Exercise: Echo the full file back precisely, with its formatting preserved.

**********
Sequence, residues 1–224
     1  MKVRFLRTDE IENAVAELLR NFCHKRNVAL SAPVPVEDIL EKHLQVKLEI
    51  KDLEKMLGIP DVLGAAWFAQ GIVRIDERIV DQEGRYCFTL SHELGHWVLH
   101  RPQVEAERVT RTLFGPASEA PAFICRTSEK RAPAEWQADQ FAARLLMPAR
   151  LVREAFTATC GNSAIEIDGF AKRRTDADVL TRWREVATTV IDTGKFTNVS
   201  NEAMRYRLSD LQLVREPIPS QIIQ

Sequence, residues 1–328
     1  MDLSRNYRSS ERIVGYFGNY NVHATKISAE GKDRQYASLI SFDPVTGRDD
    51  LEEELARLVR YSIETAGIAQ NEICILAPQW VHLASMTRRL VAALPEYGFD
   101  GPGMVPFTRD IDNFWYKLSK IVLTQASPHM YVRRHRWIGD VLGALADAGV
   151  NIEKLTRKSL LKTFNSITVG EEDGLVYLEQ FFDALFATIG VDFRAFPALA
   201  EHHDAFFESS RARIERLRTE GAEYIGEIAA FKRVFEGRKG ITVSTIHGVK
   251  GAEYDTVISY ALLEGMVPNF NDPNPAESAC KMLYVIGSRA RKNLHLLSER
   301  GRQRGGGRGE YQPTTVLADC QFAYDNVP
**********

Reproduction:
Sequence, residues 1–224
     1  MKVRFLRTDE IENAVAELLR NFCHKRNVAL SAPVPVEDIL EKHLQVKLEI
    51  KDLEKMLGIP DVLGAAWFAQ GIVRIDERIV DQEGRYCFTL SHELGHWVLH
   101  RPQVEAERVT RTLFGPASEA PAFICRTSEK RAPAEWQADQ FAARLLMPAR
   151  LVREAFTATC GNSAIEIDGF AKRRTDADVL TRWREVATTV IDTGKFTNVS
   201  NEAMRYRLSD LQLVREPIPS QIIQ

Sequence, residues 1–328
     1  MDLSRNYRSS ERIVGYFGNY NVHATKISAE GKDRQYASLI SFDPVTGRDD
    51  LEEELARLVR YSIETAGIAQ NEICILAPQW VHLASMTRRL VAALPEYGFD
   101  GPGMVPFTRD IDNFWYKLSK IVLTQASPHM YVRRHRWIGD VLGALADAGV
   151  NIEKLTRKSL LKTFNSITVG EEDGLVYLEQ FFDALFATIG VDFRAFPALA
   201  EHHDAFFESS RARIERLRTE GAEYIGEIAA FKRVFEGRKG ITVSTIHGVK
   251  GAEYDTVISY ALLEGMVPNF NDPNPAESAC KMLYVIGSRA RKNLHLLSER
   301  GRQRGGGRGE YQPTTVLADC QFAYDNVP